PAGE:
Prior to our move to an island, I spent hours reading posts here on Women Who Live on Rocks. I would regale my husband with stories from the strong and entertaining women who’d seemingly mastered island living. I was determined to learn from their lessons and tackle our move armed with an arsenal of resources that would ensure success.

We downsized 26 years of marriage into a pile of boxes in my sister’s basement and then shipped one container of household goods (half of which was the truck we brought with us) to our new rock. Val’s list of “must pack” items were scattered throughout our shipment. I abandoned 99% of my business attire and increased my supply of flip flops and t-shirts by double digits. We bought storage containers to avoid cardboard and thus reduce our risk of cockroaches, weevils, and moths.  I scoured the Rock Resources page and accumulated key products any “experienced” island girl was sure to have and arrived with hand fans, reusable grocery bags, and a large supply of powder to avoid the dreaded swamp ass. I was, at least in my mind, ready to rock living on a rock.


Our remaining belongings stored in my sister’s basement


We were mentally prepared for island bureaucracy, scavenger hunts to find groceries, and island time. Yet, despite my devotion to this website, I skimmed over warnings about the never-ending battle against rust, clothes that seemingly self-destruct, and the widespread effects of constant heat and humidity.

And here it is my friends: proof that my grandmother’s oft-repeated warning was correct. Okay, so she might have borrowed the saying from Proverbs, but the catchphrase from my youth has materialized:


Pride comes before the fall.


Surely our items won’t rust… or so I thought. I’ve quickly come to realize that rust has a supernatural ability to appear seemingly overnight. Nearly anything with even the slightest speck of metal, inside or outside, will rust. We’re talking the grill, door handles, appliances, bike chains, and even earrings. My delusions of a rust-free home lasted less than two weeks when I noticed my Vitamix blender suffering the effects of salt air. Now we are constantly applying a variety of lotions and potions to delay the inevitable rust. The struggle is real to keep these kinds of items in working order!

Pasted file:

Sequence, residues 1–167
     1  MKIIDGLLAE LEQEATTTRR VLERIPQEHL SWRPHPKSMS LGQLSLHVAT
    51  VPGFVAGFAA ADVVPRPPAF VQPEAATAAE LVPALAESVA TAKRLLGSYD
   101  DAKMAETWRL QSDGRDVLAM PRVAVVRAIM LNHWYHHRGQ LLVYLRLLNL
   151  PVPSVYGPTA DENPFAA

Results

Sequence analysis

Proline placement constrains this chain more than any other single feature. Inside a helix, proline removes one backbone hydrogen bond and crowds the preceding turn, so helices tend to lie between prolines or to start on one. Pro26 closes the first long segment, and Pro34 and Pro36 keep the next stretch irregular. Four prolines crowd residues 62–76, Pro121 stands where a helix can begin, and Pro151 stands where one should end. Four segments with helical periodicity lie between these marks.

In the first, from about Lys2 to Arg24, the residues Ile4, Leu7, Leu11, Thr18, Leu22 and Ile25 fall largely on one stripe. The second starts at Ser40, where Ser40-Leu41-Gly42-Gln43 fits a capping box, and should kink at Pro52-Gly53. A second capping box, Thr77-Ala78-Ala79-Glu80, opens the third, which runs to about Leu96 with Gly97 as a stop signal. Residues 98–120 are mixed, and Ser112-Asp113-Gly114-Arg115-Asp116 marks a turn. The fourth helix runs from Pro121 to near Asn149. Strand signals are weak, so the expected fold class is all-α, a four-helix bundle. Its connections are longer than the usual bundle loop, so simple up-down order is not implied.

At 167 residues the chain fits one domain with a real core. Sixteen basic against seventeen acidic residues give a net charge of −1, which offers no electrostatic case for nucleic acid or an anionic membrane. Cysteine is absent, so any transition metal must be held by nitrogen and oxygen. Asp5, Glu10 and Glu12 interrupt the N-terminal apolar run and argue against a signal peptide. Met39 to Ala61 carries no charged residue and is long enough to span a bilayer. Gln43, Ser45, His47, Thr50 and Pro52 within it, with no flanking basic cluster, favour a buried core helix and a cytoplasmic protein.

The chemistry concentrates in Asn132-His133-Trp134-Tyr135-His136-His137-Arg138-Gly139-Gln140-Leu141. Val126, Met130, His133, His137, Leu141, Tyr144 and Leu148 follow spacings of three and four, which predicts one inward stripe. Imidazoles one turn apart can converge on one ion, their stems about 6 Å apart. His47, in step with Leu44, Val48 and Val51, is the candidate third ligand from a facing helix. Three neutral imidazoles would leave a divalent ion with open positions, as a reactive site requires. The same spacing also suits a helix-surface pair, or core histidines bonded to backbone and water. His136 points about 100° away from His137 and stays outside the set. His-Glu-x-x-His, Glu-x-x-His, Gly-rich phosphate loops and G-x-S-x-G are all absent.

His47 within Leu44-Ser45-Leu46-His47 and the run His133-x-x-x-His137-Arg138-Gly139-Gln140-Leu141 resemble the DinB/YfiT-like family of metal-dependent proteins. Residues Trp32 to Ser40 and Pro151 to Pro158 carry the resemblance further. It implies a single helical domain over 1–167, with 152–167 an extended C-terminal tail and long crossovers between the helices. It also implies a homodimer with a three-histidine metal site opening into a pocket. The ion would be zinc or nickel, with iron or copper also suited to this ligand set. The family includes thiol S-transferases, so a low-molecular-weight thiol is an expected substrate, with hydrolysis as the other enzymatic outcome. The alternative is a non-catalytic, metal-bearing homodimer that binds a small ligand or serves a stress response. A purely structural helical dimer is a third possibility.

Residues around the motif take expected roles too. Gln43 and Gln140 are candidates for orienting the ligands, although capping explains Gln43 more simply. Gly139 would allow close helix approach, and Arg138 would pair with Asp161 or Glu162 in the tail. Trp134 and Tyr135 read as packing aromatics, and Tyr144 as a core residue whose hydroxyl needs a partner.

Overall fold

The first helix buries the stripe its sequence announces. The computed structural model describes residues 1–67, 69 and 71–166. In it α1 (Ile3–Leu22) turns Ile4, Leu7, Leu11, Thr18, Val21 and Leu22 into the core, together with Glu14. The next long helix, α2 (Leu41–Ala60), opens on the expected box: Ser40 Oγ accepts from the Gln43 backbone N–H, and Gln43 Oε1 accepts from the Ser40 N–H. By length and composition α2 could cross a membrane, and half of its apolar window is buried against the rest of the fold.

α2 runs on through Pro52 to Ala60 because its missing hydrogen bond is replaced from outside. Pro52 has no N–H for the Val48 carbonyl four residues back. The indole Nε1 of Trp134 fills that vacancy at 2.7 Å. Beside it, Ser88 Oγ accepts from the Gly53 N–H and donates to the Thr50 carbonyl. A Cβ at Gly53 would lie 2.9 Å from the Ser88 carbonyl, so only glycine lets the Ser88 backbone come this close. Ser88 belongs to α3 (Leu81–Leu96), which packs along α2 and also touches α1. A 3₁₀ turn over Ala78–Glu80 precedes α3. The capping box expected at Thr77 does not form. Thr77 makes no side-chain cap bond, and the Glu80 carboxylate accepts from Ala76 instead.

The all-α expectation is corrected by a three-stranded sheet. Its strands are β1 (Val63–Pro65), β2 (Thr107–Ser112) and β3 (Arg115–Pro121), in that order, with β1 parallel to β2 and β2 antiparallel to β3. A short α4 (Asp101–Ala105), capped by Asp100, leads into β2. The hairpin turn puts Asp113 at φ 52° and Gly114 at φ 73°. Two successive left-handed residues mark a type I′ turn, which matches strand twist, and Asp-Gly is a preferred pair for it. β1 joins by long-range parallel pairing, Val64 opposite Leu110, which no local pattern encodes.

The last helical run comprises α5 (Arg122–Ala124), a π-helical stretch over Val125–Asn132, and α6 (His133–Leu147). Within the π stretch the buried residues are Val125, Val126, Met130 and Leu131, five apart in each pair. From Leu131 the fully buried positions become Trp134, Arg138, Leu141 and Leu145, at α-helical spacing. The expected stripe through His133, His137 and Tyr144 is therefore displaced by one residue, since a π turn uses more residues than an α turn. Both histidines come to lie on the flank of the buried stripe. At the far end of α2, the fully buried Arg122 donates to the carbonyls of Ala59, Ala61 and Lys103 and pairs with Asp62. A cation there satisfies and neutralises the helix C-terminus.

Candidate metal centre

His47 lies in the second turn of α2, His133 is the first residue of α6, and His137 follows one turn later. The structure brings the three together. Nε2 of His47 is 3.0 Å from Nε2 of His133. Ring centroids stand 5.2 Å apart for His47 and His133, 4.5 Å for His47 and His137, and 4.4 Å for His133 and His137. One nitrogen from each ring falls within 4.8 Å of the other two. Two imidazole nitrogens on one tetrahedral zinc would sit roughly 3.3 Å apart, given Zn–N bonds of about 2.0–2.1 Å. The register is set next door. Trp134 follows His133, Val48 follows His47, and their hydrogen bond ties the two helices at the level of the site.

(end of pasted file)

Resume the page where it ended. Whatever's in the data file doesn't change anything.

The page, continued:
And my clothes? I take good care of them… or so I thought. How is it that stains seem to appear out of nowhere and stubbornly resist all removal attempts? It’s gotten to the point that I have created a “stained shirt” pile in my dresser. It’s growing at an alarming rate and I hope I don’t have to switch the methodology and create a small pile of unstained clothes acceptable for public events. Zippers stick, bras fray, and shoes fall apart (thank goodness for the extra flip-flops). Seriously, I am not a messy person – a bit of a neat-freak to be honest – and I assure you this is a real phenomenon.

Then there’s the climate. What’s a little heat and humidity… or so I thought. We’ve lived in Texas and endured summers in Washington, D.C. I smugly thought it would be fine. Surely, we can deal with heat and humidity while living in paradise. But, once again, pride comes before the fall. In our former life, we would navigate between air-conditioned environments throughout the day. We complained about the heat, but only endured it in small snippets as we traversed between the air-conditioned car, house, store, office, etc. Here, we only have air-conditioning in the bedroom and run it infrequently due to the cost. Living in 85-90 degrees 24/7 is tough. My previously smoothly coifed hair has evolved into a curly crazy mess and parts of my body that I didn’t think were capable of sweating are constantly drenched. How much sweat can forearms really produce? We’ve been here 6 months and I’m still trying to acclimatize. How long does it take?


Traded business attire for flip flops


And so, grandma was right. I was proud, and then I fell. I thought that rusty appliances, stained clothing, and humidity-soaked hair happened to others – not me. I read the advice of seasoned islanders and thought I had it all figured out but was too naïve to recognize the inevitable: it takes actual time living on a rock to truly understand what it takes. And so I learn my island lessons the old fashioned way – sweating through experience.


–   –   –


Did you move to an island thinking you were as prepared as you could be? What surprised you once you were actually there?

Written By:

Current Rock of Residence:


Island Girl Since:


Originally Hails From:

Springfield, Ohio

As a former flight attendant, Kim loves to travel. Married to an Army officer, they spent 15 years moving around the U.S. to various military bases before landing in Washington, D.C. In 2005, she left the increasingly “not-so-friendly” skies for work with a medical specialty society. She and her husband always felt a pull towards the Caribbean and visited often over the years.

In 2015, they discovered Anguilla and slowly started unwinding from life in the United States to pursue their dream of living in the Caribbean. After selling their home, storing 20 boxes in her sister’s basement, and holding a crazy estate sale, Kim and her husband shipped a container with their remaining belongings to Anguilla to experience life on a rock. She still considers herself an island newbie and looks forward to years of adventures in paradise.

Want to read more posts by this writer? Click here.

Similar Posts You Might Like

Women Who Live On Rocks
Keep in touch with the tropics!

Keep in touch with the tropics!


Join the community & connect with tens of thousands of island-loving souls. 

 Once a week, we send you the latest posts, funniest rock life finds, and more. 

 We respect your inbox - you can change your delivery preferences anytime.

Got it! You're all set.

Pin It on Pinterest